An elaborate Dr. Seuss-themed float launched the 124th Rose Parade in Pasadena, heralding this year's theme: "Oh, The Places You'll Go!"
The elaborate "Follow Your Dreams" float, containing 20,000 individual blossoms -- and more than 5,000 roses -- conjured up several fantasy islands. From a 24-foot high castle, a girl scooted herself down a metal slide through a flowery arc -- but the slide had so much friction that she had to use her arms to push herself down.
Earlier, as the sun rose over Colorado Boulevard, hundreds of people were already shielding themselves from the morning chill -- which dipped into the 40s -- huddled in blankets and clutching coffee cups.
PHOTOS: 2013 Rose Parade
At the corner of Fair Oaks Avenue and Colorado Boulevard, the blinking lights of nearby bars were still going, though the barstools had been upended hours ago with the last of the New Year's revelers.
"Awesome!" yelled a tightly bundled Diego Estrada, 6, pointing to the Goodyear blimp as it floated by.
As the parade moved along, officials dressed in white, head to toe, zipped around in white scooters on Colorado Boulevard, and buses occasionally rolled through, escorted by police.
FULL COVERAGE: ROSE PARADE 2013
Azalea Tauer, 36, of Temple City, padded with six layers and a wool scarf, had a fire blazing nearby in a small charcoal barbecue she brought. Her family spent the night angling for a spot for the first time.
"I woke up at 6:30 this morning," she begins to say, and realizes she's more than 24 hours off; that was yesterday. "It just feels like one long day to me," she said.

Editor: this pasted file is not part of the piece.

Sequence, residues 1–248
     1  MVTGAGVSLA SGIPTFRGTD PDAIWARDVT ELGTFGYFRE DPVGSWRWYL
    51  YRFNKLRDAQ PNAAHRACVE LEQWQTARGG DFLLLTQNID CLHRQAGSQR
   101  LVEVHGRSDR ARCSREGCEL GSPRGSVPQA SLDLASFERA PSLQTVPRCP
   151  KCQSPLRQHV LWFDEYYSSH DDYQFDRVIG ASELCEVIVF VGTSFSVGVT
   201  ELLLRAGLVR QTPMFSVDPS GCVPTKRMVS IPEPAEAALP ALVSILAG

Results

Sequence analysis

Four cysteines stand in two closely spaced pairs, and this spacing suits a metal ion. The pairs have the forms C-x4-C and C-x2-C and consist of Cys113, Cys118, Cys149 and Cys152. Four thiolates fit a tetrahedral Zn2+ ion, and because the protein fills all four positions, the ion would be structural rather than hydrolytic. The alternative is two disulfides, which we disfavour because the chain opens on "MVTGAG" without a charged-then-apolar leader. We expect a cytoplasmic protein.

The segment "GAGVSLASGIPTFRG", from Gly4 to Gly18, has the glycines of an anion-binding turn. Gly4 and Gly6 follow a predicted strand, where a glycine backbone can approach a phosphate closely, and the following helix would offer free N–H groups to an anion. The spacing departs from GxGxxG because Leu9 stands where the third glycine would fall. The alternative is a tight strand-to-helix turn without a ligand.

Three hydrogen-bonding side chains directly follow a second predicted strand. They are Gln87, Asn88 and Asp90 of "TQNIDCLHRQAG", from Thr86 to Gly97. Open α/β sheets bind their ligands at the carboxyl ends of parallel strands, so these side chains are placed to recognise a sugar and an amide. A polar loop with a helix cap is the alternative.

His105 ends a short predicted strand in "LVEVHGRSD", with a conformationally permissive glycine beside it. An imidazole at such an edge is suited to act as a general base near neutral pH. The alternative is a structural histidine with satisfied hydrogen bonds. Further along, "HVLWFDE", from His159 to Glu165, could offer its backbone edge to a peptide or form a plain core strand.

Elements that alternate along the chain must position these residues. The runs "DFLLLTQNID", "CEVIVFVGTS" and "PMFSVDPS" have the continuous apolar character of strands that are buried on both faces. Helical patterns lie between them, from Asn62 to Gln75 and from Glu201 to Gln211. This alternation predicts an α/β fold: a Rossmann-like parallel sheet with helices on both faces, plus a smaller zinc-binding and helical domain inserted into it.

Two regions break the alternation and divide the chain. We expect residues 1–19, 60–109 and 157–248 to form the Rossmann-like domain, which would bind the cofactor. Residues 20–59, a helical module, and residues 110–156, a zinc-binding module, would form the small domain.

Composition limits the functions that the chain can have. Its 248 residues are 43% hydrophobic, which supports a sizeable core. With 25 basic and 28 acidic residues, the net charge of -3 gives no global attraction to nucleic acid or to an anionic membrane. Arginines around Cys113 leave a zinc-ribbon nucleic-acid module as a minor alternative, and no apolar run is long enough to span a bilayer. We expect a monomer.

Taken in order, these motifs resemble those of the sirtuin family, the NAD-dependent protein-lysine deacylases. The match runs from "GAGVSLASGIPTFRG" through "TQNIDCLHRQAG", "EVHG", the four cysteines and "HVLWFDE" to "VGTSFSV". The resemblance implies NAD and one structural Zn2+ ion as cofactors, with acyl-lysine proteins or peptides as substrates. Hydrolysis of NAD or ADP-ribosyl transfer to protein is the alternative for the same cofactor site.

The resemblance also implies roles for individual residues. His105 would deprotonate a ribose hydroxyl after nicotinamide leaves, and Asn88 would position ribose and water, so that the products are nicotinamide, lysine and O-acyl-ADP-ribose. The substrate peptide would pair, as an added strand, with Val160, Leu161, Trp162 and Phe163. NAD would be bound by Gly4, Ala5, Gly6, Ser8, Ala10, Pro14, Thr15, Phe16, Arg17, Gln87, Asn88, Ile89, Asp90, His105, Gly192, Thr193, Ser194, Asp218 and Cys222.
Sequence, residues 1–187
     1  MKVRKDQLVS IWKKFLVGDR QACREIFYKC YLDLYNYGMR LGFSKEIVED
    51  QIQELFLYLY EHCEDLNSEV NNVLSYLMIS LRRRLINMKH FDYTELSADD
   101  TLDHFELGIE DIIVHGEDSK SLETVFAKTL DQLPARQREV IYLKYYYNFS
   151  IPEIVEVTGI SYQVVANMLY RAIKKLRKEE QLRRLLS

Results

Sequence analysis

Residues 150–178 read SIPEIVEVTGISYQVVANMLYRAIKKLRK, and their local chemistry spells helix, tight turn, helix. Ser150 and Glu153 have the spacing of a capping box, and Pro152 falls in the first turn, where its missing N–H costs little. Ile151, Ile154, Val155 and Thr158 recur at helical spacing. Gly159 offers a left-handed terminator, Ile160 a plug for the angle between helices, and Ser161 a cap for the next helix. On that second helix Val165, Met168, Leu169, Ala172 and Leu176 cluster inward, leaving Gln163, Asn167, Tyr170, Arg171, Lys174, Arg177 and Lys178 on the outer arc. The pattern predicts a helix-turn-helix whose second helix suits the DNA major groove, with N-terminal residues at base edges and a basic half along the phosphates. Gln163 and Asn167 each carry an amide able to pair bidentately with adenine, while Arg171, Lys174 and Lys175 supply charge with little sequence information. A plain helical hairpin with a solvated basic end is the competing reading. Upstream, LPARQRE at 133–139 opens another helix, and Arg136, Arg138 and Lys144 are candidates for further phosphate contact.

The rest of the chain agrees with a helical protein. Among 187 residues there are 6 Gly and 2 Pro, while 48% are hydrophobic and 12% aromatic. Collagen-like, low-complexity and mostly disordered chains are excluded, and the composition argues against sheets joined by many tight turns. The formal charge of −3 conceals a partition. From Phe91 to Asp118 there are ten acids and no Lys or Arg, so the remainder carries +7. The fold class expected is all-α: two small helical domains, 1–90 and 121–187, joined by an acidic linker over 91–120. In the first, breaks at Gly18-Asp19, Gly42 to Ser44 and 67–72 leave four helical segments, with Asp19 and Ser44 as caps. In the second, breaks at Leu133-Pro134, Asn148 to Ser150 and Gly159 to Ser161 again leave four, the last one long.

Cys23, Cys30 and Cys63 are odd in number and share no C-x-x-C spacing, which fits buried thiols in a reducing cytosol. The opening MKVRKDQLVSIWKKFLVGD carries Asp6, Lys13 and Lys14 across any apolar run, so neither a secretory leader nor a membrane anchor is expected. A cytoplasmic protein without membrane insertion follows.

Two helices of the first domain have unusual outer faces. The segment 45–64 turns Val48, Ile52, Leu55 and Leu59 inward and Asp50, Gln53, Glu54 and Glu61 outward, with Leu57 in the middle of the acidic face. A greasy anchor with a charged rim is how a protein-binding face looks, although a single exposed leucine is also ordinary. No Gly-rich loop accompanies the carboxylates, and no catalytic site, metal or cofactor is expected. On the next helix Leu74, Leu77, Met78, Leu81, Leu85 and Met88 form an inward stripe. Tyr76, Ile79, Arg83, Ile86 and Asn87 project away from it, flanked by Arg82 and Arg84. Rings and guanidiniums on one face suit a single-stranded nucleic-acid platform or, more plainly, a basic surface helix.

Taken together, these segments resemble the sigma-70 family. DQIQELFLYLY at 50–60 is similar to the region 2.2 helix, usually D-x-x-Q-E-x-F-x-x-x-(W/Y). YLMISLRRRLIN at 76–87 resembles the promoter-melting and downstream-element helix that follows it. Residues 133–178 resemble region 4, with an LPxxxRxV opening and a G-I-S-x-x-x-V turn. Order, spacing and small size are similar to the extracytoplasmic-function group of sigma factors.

A table nearby was stocked with a pizza box, half-drunk bottles of water and Coke, an open bag of flaming hot Cheetos and board games to while away the hours.
INTERACTIVE: Dr. Seuss' 'Follow Your Dreams' float
Between hers and another family, they've staked enough space for 40 people, two fireplaces and a dozen chairs. The operation started by dropping off her teenage kids and nephew Monday at 7:30 a.m.
"We were late," she explained. Then she circled back to pack and deliver supplies -- sleeping bags, firewood, drinks and anything they could find in the pantry -- in time to claim their spot right at noon Monday.
"You pretty much have to move out of your house and go camping."
She and two kids, husband and nephew spent the night huddled under blankets and sipping hot chocolate.
The Tauers usually wake up on New Year's Day, and the house fills with the smell of freshly made cinnamon rolls and bacon made by her husband. Then they all sit on the couch, huddled in blankets, sipping hot chocolate and watching the parade. This year, she wanted to experience the real deal before her 18-year-old daughter goes off to college. "What a shame to be living here for 30 years and not know what this is like," she said. "Before she leaves, we want to experience that with her."